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Advanced Imaging Magazine

Updated: January 12th, 2011 09:49 AM CDT

Mission (Not) Impossible

Five-year Solar Dynamics Observatory satellite will investigate causes of the sun’s variability and how it produces space weather that affects us on earth
NASA
NASA’s Solar Dynamics Observatory (SDO), which was launched in February, is sending back high-resolution images of the sun. SDO will help scientists learn how solar activity is created and how space weather results from that activity. NASA says it will measure the sun’s interior, magnetic field, the hot plasma of the solar corona, and the irradiance. (Images courtesy NASA unless otherwise noted)
The Earth is superimposed on a solar eruptive prominence as seen in extreme UV light (March 30, 2010) to give a sense of how large these solar eruptions are.
As the arcing loops above an active region began to rotate into a profile view, SDO captured the dynamic, magnetic struggles taking place. Particles spiraling along magnetic field lines trace their paths. Magnetic forces in the active region are connecting, breaking apart, and reconnecting. These images were taken in extreme ultraviolet light.
NASA/ESA/Williams College Eclipse Expedition
On July 11, the new moon passed directly in front of the sun, causing a total solar eclipse in the South Pacific. In this image, the solar eclipse is shown in gray and white from a photo provided by the Williams College Expedition to Easter Island and was embedded with an image of the sun's outer corona taken by the Large Angle Spectrometric Coronagraph (LASCO) on the SOHO spacecraft and shown in red false color. LASCO uses a disk to blot out the bright sun and the inner corona so that the faint outer corona can be monitored and studied. The dark silhouette of the moon was covered with an image of the sun taken in extreme ultraviolet light at about the same time by the Atmospheric Imaging Assembly on the Solar Dynamics Observatory.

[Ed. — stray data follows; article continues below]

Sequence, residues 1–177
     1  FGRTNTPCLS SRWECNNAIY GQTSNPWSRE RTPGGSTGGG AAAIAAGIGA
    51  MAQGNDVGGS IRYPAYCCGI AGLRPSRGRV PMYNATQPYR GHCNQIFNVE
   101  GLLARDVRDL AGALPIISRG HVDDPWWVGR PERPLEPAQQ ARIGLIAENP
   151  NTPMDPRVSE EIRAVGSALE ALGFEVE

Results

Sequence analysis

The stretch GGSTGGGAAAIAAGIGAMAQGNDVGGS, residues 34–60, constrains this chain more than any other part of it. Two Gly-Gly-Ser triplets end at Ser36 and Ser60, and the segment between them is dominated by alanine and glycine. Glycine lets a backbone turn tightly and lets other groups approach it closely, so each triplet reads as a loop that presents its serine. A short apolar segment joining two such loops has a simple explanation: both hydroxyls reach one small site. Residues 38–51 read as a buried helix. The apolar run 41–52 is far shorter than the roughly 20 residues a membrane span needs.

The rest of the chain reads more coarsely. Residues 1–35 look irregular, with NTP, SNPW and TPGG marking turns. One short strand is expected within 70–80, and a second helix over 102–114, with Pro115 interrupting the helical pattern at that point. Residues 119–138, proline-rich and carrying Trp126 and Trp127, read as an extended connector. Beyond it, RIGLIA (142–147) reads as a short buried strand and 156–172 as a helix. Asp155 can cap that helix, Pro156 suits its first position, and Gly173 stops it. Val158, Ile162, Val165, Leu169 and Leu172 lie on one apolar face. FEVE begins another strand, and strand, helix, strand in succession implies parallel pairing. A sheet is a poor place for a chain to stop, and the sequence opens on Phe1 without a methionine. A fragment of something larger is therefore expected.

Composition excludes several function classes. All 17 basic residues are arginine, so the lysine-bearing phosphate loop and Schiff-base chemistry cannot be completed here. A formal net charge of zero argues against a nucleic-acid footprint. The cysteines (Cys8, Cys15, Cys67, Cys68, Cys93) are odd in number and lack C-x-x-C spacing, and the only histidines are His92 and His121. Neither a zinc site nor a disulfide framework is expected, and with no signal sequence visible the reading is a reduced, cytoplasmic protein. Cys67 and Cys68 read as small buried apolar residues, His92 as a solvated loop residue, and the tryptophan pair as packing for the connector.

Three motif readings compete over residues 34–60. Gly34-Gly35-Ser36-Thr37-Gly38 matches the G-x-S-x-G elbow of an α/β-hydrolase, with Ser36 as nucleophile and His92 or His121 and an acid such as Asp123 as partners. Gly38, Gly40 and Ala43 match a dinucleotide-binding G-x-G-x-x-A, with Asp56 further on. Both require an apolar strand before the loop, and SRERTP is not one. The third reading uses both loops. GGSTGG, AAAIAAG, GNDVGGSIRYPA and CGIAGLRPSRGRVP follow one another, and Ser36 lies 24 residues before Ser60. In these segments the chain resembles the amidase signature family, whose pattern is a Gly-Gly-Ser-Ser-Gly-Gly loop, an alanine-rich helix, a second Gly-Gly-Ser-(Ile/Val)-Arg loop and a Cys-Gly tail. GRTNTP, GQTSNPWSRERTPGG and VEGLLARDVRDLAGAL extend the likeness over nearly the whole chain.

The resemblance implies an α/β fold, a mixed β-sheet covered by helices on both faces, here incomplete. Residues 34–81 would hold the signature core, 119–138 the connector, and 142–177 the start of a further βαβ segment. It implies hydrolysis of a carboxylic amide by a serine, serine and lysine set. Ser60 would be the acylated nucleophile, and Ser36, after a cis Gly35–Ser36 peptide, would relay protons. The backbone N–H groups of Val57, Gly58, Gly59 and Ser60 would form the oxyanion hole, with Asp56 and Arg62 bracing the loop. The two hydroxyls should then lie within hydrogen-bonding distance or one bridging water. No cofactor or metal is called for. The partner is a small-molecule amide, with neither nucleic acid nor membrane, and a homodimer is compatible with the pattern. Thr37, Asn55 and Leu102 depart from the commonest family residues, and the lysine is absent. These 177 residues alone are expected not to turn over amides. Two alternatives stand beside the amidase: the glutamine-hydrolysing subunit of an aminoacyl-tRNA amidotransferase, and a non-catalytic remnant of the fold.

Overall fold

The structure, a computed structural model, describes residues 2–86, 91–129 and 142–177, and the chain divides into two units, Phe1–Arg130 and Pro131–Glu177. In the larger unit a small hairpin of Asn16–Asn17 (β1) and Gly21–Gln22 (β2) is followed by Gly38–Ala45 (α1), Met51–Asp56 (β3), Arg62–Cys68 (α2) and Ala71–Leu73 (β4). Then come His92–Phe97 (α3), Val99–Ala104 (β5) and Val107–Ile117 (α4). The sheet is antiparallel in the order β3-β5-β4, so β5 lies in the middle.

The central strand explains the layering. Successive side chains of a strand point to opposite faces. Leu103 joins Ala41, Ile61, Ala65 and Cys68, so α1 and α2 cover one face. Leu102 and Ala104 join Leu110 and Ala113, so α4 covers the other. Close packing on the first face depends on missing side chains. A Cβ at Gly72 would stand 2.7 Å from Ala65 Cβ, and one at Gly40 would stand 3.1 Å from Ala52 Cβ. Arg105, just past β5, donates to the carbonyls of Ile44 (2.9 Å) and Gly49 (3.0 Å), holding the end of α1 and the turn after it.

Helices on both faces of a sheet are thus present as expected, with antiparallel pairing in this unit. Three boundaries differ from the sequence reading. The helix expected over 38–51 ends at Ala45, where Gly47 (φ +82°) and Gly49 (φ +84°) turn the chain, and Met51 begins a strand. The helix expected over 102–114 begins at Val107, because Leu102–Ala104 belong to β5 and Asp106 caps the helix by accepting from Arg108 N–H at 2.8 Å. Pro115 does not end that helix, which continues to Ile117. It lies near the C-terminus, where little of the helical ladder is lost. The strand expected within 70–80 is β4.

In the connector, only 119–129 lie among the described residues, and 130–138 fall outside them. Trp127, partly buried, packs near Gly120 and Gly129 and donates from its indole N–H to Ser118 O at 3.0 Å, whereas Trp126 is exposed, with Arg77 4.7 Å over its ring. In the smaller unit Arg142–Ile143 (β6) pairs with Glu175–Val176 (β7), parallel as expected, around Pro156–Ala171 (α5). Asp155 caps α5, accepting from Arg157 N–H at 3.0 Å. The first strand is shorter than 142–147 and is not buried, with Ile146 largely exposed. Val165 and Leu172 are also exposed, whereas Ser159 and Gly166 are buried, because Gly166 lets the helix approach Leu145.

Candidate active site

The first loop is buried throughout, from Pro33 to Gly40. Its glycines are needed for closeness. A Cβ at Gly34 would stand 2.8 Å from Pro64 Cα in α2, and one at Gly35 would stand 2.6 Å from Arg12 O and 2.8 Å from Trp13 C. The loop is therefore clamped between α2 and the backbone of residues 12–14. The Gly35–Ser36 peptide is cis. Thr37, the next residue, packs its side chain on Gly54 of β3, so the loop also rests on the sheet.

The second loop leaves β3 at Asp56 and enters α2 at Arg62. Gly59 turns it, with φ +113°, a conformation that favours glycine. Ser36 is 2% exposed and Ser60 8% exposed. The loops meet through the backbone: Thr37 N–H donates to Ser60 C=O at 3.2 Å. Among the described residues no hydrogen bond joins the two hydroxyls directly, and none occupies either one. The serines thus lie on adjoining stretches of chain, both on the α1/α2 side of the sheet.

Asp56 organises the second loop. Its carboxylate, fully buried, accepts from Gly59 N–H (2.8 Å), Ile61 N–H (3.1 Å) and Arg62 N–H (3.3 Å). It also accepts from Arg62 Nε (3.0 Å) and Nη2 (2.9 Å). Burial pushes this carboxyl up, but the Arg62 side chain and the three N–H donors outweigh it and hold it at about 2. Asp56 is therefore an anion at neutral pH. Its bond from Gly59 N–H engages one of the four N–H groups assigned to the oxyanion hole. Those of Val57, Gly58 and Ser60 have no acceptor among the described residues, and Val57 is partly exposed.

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By Barry Hochfelder

Shortly after AIA began transmitting on March 30, scientists observed a large eruptive prominence on the sun’s edge, followed by a filament eruption a third of the way across the star’s disk from the eruption.

“Even small events restructure large regions of the solar surface,” says Lockheed Martin’s Title. “It’s been possible to recognize the size of these regions because of the combination of spatial, temporal and area coverage provided by AIA.”

AIA has observed numerous very small flares that generate magnetic instabilities and waves with clearly observed effects over a substantial fraction of the solar surface. The instrument captures full-disk images in eight different temperature bands that span 10,000 to 36 million degrees Fahrenheit, allowing scientists to observe entire events that are difficult to see by looking in a single temperature band, at a slower rate or over a more limited field of view.

Data is delivered to the science investigating teams at the astonishing rate of 1.5 terabytes each day. “That’s 55 megabits per second for HMI, 67 for AIA and 7 for EVE,” says Dean Pesnell of the Goddard Space Flight Center. “That’s all compressed data. Images are created as individual files from telemetry and then into the data base. We don’t stream videos, but we combined [the images] into videos on the ground.”

He adds that the project has a planned lifetime of 5 years. “There are no consumables on board except propellant, and estimates are that we have 900 years of propellant.”



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